During the May 2002 elections to the lower house of Parliament, the National People’s Assembly (APN), the FLN secured 199 of 389 seats. The army-backed Rassemblement National Démocratique (RND), which held 155 seats in the previous parliament, captured only 48 seats. Islah, an Islamist “reform” party, won 43 seats, and the Mouvement de la Société pour la Paix (Movement for a Peaceful Society, or MSP, previously known as Hamas), took 38 seats. The remaining seats went to leftist and Islamist parties and independents. Elections to the upper house of parliament, the Conseil de la Nation (CN) were held in December 2003. The FLN won 22 seats; the RND, 17; the MSP, 4; and Islah, 2; one seat went to an independent candidate.

In the April 2004 presidential election, Bouteflika captured 85 percent of the vote against five other candidates. Bouteflika’s most serious challenger was former prime minister Ali Benflis, whom he had removed from office in 2002. The army, long at the political helm of the country, announced its neutrality. While voter turnout was low, and some opposition candidates claimed fraud, the Organization for Security and Cooperation in Europe and other international monitors declared the election to have been free of serious problems.

In a September 2005 referendum, more than 97 percent of voters backed the Charter for Peace and National Reconciliation, a government-sponsored general amnesty that pardons militants and government agents alike for crimes committed during Algeria’s civil war and provides for victims to receive compensation. According to a government report, about 40,000 people have benefited from the charter, with almost 38,000 applications for compensation having been filed and over 2,000 Islamists released from prison. However, many victims’ groups have criticized the charter for not addressing the issue of the disappeared; in September 2006, one Algerian minister claimed that the problem of the disappeared “no longer exists.” International human rights groups have denounced the charter for not allowing perpetrators to be brought to justice for their actions. Critics also maintain that the criteria for determining which militants may benefit from the amnesty are far too vague and subject to political considerations. While many FIS leaders have been released from prison, they have not been integrated into the political structure in any meaningful way.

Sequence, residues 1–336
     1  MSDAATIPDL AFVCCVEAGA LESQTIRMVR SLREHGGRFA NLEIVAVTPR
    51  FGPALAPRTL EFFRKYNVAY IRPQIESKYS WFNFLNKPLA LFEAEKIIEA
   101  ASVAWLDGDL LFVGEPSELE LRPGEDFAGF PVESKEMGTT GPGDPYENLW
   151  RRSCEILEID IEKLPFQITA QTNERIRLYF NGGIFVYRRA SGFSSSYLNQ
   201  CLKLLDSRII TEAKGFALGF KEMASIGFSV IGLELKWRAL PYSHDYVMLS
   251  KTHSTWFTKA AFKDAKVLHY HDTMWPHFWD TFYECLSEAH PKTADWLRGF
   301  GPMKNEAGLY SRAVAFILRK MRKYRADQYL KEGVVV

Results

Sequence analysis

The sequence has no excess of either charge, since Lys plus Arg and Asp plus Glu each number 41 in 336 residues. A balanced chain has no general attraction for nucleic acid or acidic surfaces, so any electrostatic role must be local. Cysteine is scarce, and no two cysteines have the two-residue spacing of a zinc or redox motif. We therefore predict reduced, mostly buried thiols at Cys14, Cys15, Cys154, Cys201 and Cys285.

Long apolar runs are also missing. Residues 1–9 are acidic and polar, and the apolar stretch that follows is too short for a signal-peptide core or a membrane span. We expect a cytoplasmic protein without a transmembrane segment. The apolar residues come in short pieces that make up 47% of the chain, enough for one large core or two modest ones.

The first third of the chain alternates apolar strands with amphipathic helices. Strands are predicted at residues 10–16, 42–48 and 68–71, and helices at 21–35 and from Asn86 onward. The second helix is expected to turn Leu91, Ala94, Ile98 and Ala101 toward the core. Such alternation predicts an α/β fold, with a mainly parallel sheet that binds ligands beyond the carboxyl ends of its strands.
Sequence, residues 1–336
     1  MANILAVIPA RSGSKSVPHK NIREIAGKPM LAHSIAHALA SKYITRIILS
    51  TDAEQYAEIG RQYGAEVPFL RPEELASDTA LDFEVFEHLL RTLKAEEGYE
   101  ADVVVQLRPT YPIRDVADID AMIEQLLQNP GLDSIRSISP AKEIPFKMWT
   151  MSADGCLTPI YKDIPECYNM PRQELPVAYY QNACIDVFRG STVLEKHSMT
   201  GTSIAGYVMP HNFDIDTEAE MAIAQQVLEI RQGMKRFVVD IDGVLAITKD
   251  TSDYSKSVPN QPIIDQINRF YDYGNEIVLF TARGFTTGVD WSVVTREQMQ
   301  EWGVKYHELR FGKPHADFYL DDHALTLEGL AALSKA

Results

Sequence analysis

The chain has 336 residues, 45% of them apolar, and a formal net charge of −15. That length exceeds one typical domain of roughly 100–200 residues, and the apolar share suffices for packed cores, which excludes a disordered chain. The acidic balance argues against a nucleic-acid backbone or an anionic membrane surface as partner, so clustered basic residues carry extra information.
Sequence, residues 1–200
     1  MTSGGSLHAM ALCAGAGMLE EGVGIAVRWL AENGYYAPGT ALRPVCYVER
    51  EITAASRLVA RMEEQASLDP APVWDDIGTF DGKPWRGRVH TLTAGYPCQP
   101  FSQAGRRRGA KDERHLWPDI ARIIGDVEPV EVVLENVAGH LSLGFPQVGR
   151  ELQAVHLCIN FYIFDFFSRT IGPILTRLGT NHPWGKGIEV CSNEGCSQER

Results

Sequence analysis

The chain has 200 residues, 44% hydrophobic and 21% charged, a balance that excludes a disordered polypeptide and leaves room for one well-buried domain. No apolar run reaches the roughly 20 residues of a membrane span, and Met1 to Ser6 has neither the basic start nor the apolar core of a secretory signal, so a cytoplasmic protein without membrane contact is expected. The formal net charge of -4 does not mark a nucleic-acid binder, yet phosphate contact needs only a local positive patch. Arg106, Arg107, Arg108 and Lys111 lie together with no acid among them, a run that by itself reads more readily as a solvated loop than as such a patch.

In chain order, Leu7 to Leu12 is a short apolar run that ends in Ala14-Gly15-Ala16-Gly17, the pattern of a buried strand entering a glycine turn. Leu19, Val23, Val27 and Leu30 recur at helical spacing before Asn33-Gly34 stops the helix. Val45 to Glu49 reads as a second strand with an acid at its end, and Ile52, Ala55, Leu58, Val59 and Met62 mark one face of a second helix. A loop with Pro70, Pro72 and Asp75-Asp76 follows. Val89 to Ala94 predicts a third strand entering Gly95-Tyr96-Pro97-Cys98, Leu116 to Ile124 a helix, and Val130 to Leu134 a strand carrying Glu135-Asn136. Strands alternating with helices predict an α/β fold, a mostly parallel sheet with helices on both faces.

Since his reelection, Bouteflika has taken steps to consolidate his power, while the military’s influence over the country’s political life has been on the decline. In May 2006, Bouteflika appointed Abdelaziz Belkhadem prime minister. Belkhadem, a politician not favored by the army, is a close political ally of Bouteflika’s and supporter of his reconciliation program. In addition, there have been rumors that Bouteflika plans to hold a referendum on a proposal allowing him to run for a third term in office.

Political Rights and Civil Liberties: 


Algeria is not an electoral democracy. While the 2004 presidential election may have signaled a cautious new start, with opposition parties free to run nationwide campaigns, Bouteflika enjoyed the army’s support throughout his first term, and government control of the broadcast media gave him a clear advantage during the campaign. Although Bouteflika is rumored to be in poor health, throughout 2006 there was widespread speculation that he intended to amend the constitution to allow himself the opportunity to run for office a third time and to extend the presidential term from five to seven years.